The Beauty Way: Collin Herring’s Some Knives

Printby: Brooks Kendall
Contributing Columnist

In the five years since his last studio album, Collin Herring has outgrown his title as “the torchbearer for alt-country.” Electric, psychedelic and dark, Herring’s fifth studio album Some Knives will vaporize any mandolin or banjo it comes across. Herring’s conversational-to-cryptic style of songwriting falls like another layer of percussion on this texture heavy Matt Pence production. The moody tone of Some Knives comes with synth bass lines, inventive drumming, and sci-fi pedal steel pads.

The lead off track, “Psychopathsbuilds a bird’s nest with wiry guitar lines and spaced out steel parts interweaving like grass, twigs, mud, saliva and whatever else  the architect could find. Herring is shaky but confident as he tells us “Psychopaths like me don’t shiver.” The title track, “Some Knives,” is a throbbing wall of eighth notes, poetry and naive synthesizers, appropriately headed to a place it never arrives at musically. The watery guitar melodies on “One Last Twice and the high-register vocal on the chorus of “Higher Ground bring to mind Joy Division or older New Order records. Not forsaking his past, Herring conjures alt-country ghosts in the big sky steel leads on “Covered Up,” the accessible themes on “Come Home,” and the ironically uptempo lament of a musician entering maturity, “Hard to Hear.”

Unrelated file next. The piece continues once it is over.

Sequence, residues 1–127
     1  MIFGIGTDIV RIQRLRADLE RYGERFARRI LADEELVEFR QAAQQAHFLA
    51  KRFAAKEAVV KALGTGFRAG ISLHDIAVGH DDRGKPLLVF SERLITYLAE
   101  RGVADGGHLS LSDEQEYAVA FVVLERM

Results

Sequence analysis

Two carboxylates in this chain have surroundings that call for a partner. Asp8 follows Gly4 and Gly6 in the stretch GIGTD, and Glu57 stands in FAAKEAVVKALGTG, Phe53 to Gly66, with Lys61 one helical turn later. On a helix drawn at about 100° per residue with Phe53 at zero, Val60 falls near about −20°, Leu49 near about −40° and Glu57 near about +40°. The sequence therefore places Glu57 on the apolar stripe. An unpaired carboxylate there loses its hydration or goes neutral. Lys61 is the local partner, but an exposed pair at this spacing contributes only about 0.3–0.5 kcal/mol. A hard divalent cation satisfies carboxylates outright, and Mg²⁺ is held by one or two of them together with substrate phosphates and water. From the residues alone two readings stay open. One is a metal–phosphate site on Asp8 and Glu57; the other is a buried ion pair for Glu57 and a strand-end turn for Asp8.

Some Knives is a beautiful tangle of new textures, angular drum parts, and a lyrical style that goes from candid to mysterious with a word.  Collin Herring reminds how his creativity, subtlety, and gravity affect the undertow that is pulling alternative roots music to more interesting places. 

Listen to “Kicked Around” below.

 

The author: Brooks Kendall is the bassist for Denton’s Rodney Parker & The 50 Peso Reward and our most recent contributing columnist. 

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